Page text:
Wilhelm Meister's Journeyman Years
|Wilhelm Meister's Journeyman Years, or the Renunciants|
|Author||Johann Wolfgang Goethe|
|Original title||Wilhelm Meisters Wanderjahre, oder Die Entsagenden|
|Publisher||Cotta'sche Buchhandlung, Stuttgart|
|Publication date||1821 (1st ed.), 1829 (2nd ed.)|
|Preceded by||Wilhelm Meisters Lehrjahre (1795–96)|
Wilhelm Meister's Journeyman Years, or the Renunciants,[a] is the fourth novel by German writer Johann Wolfgang von Goethe, and the sequel to the Bildungsroman Wilhelm Meister's Apprenticeship (Wilhelm Meisters Lehrjahre) (1795–96). Though initially conceived during the 1790s, the first edition did not appear until 1821, and the second edition—differing substantially from the first—in 1829.
The novel was greeted by mixed reviews in the 1820s, and did not gain full critical attention until the mid-20th century. Consisting largely of discrete short stories and novellas woven together with elements of the epistolary novel, lengthy sections of aphorisms, and several interspersed poems, the structure of this novel challenged the novel form as commonly practiced at the time of its publication.
A major theme running through the various parts of the novel is that of "Entsagung," translatable as "renunciation." The most famous section of the novel is probably the episode in which the protagonist and his son Felix visit the "Pedagogical Province."
Contents of the 1829 version of the novel
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Chapter One: opens with "Flight into Egypt," in which Wilhelm and Felix encounter a family in the course of their travels; the father of the family identifies himself as "Saint Joseph." Felix befriends the boys of the family, and returns with them to their residence. Wilhelm, declining their invitation to come as well, returns to his lodge at the mountaintop and writes to Natalie. The chapter closes with this letter. Wilhelm speaks here of his wish to be with her, and also comments on the rules guiding his travels: "Not more than three days shall I remain under one roof. I shall leave no lodging without distancing myself at least one mile from it." These rules are meant to give him – quite literally – journeyman status. He affirms to Natalie his determination to adhere to the rules, yet also betrays doubts.
Chapter Two: consists of the sections "Saint Joseph the Second," "The Visitation," and "The Lily Stem." In "Saint Joseph the Second," Wilhelm descends the mountain to the valley where this family lives. In their encounter the day before, Wilhelm had been struck by the resemblance of the family with familiar paintings representing the Biblical The Flight into Egypt; the father of the family had identified himself as "Saint Joseph." Now, visiting the family's residence, Wilhelm is astonished to see that paintings of the real Saint Joseph, as well as of the Flight into Egypt, adorn the family's home. The correspondence of the actual family's appearance with these Biblical images is made the more striking by the fact that the man who introduced himself as "Saint Joseph" turns out really to be named Joseph, and his wife named Mary. Joseph tells Wilhelm of why he came to be named after the saint, and how the Biblical images played a role in his life. "The Visitation" continues Joseph's story, telling of how he met his wife, Mary, when she lost her first husband in an attack by robbers in the woods, and he helped her to safety. "The Lily Stem" tells of how he gradually won her affection, and, after her mourning was over, they married and began to live in resemblance to the Biblical model in the paintings.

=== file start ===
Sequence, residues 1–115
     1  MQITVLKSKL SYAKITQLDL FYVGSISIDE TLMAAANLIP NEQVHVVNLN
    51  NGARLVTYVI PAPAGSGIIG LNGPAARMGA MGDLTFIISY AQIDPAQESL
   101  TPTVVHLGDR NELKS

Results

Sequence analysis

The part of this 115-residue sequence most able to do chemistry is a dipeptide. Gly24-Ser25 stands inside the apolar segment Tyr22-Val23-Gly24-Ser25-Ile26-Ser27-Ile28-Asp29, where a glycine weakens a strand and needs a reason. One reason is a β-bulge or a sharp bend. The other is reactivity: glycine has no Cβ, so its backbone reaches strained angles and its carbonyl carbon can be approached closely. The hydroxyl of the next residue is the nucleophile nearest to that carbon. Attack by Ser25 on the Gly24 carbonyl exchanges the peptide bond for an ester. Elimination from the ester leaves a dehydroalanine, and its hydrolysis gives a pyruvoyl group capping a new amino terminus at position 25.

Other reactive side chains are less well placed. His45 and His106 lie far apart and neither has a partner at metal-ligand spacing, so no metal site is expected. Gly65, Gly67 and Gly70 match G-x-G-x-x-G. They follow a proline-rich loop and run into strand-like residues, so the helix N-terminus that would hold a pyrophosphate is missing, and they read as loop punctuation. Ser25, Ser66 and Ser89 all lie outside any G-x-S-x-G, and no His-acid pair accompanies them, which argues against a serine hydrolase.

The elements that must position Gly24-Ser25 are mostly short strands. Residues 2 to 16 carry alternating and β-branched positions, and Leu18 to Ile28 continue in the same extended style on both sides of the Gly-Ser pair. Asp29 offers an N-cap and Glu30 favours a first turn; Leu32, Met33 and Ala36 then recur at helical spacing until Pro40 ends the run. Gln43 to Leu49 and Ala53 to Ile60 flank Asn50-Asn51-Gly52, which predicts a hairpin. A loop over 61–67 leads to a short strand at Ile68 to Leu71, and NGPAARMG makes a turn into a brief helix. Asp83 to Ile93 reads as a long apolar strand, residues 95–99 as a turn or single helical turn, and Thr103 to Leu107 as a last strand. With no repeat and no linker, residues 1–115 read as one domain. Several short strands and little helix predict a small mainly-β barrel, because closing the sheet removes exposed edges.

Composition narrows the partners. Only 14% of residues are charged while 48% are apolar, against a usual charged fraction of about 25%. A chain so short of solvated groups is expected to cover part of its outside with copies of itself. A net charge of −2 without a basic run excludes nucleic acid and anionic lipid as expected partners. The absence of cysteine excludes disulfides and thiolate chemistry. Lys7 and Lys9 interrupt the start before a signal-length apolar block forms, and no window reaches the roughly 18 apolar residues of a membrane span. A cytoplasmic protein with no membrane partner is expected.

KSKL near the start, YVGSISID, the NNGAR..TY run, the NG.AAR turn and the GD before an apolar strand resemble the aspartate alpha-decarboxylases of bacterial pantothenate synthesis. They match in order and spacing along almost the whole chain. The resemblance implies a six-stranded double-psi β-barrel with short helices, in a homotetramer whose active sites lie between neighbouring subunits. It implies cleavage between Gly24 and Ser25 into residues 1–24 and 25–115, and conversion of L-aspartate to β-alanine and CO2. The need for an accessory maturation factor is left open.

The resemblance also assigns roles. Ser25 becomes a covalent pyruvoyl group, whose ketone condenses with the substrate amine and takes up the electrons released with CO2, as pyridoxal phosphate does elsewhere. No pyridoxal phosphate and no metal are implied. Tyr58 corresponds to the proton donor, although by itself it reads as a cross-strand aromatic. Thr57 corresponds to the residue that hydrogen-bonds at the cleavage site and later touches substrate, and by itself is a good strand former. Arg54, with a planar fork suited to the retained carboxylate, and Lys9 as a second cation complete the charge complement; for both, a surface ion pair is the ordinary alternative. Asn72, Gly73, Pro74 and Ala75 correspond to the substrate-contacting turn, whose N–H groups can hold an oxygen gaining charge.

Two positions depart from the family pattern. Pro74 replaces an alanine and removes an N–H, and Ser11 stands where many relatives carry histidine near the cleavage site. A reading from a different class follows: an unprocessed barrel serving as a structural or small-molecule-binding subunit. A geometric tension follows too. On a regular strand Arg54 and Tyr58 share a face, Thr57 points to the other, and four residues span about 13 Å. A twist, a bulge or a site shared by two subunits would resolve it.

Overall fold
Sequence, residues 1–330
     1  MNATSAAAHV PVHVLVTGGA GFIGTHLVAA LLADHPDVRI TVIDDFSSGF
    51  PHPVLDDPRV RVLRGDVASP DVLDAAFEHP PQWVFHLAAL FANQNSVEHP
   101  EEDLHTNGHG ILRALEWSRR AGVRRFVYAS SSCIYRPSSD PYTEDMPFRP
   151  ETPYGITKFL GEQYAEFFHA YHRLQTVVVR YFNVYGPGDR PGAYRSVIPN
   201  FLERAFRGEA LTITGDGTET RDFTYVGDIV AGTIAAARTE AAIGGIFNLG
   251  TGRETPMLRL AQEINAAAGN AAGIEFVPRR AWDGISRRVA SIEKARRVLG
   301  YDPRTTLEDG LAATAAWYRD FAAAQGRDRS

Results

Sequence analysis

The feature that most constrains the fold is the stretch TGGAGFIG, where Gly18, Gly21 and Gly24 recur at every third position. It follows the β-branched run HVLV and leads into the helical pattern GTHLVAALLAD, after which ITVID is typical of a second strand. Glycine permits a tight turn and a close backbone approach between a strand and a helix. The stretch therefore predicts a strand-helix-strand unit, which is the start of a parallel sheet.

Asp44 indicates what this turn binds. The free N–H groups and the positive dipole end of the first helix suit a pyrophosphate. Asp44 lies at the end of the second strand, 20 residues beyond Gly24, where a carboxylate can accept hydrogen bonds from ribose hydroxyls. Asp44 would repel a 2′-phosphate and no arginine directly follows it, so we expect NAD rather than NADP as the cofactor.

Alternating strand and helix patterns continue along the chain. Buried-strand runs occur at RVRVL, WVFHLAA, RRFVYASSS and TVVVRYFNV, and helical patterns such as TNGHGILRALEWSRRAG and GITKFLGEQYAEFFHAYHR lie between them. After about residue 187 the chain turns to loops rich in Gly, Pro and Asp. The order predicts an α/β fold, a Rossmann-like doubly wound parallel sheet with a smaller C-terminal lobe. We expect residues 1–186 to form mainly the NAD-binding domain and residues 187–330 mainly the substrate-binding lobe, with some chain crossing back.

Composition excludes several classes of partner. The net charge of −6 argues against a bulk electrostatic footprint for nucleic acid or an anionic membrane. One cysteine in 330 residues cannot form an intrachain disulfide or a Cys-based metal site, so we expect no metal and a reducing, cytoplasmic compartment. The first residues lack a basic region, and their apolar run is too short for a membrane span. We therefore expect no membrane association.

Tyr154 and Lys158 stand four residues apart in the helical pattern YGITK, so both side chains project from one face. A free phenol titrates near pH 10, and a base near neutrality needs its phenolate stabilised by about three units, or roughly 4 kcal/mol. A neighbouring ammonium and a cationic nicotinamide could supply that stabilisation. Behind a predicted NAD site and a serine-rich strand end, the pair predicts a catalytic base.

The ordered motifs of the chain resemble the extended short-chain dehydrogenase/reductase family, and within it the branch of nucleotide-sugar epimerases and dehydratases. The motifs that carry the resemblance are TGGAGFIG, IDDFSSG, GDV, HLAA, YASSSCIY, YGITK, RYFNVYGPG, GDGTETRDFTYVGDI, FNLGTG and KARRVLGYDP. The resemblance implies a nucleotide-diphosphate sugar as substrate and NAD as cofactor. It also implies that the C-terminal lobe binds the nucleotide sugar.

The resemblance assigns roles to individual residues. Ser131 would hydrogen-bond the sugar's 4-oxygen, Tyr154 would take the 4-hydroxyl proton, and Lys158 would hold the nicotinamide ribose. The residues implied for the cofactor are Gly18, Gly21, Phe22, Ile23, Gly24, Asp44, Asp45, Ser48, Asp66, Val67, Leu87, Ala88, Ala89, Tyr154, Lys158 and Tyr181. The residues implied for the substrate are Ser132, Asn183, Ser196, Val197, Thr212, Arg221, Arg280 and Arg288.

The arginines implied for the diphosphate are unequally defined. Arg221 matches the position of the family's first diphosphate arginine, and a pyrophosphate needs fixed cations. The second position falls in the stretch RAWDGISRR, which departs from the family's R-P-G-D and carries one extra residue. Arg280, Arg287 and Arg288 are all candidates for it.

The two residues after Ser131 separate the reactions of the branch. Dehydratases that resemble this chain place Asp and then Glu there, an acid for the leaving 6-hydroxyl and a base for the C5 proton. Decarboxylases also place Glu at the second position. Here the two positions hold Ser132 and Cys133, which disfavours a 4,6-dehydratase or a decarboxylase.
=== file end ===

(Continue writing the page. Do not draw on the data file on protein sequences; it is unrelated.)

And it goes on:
Chapter Three: opens with a letter from Wilhelm to Natalie in which Wilhelm comments briefly on the story he has just retold. He states a further rule of his journey: "Now in the course of my journey no third person shall become a constant companion. We wish to, and we are required to, be and remain two..." When the narration of the novel resumes, Felix's playmate Fitz leads Wilhelm and Felix into the mountains where they encounter their old friend Jarno (from Wilhelm Meister's Apprenticeship), who is now traveling under the name "Montan." Felix, who has developed a "tremendous interest" in stones, asks many questions about geology. The manner of Mountain's explanations leads him and Wilhelm into a discussion of human understanding, of the need for "resignation," and of the inadequacy of language and the written word to express what can be perceived clearly in nature. "Nature only has one kind of writing, and I don't need to get bogged down with so many kinds of scribbling," states Mountain, adding at the close of the chapter; "Precisely for this reason I don't talk with anyone about it, and I don't want – precisely because you are dear to me – deceptively to exchange the wretched stuff of dreary words with you any further."